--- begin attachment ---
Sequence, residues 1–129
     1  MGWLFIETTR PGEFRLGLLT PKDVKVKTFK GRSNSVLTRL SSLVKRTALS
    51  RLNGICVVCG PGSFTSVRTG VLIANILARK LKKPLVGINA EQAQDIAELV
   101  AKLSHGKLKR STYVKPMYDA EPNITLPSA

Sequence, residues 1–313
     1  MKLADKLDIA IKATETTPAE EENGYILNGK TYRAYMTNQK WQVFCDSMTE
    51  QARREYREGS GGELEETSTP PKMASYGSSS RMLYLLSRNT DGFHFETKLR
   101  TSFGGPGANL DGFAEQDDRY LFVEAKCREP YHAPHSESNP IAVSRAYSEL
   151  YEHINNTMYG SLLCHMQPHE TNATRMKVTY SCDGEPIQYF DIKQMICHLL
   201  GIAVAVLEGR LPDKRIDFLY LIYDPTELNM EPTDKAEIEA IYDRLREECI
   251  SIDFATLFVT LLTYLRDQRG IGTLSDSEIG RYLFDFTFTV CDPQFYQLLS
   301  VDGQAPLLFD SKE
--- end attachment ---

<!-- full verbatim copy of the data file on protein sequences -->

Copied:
Sequence, residues 1–129
     1  MGWLFIETTR PGEFRLGLLT PKDVKVKTFK GRSNSVLTRL SSLVKRTALS
    51  RLNGICVVCG PGSFTSVRTG VLIANILARK LKKPLVGINA EQAQDIAELV
   101  AKLSHGKLKR STYVKPMYDA EPNITLPSA

Sequence, residues 1–313
     1  MKLADKLDIA IKATETTPAE EENGYILNGK TYRAYMTNQK WQVFCDSMTE
    51  QARREYREGS GGELEETSTP PKMASYGSSS RMLYLLSRNT DGFHFETKLR
   101  TSFGGPGANL DGFAEQDDRY LFVEAKCREP YHAPHSESNP IAVSRAYSEL
   151  YEHINNTMYG SLLCHMQPHE TNATRMKVTY SCDGEPIQYF DIKQMICHLL
   201  GIAVAVLEGR LPDKRIDFLY LIYDPTELNM EPTDKAEIEA IYDRLREECI
   251  SIDFATLFVT LLTYLRDQRG IGTLSDSEIG RYLFDFTFTV CDPQFYQLLS
   301  VDGQAPLLFD SKE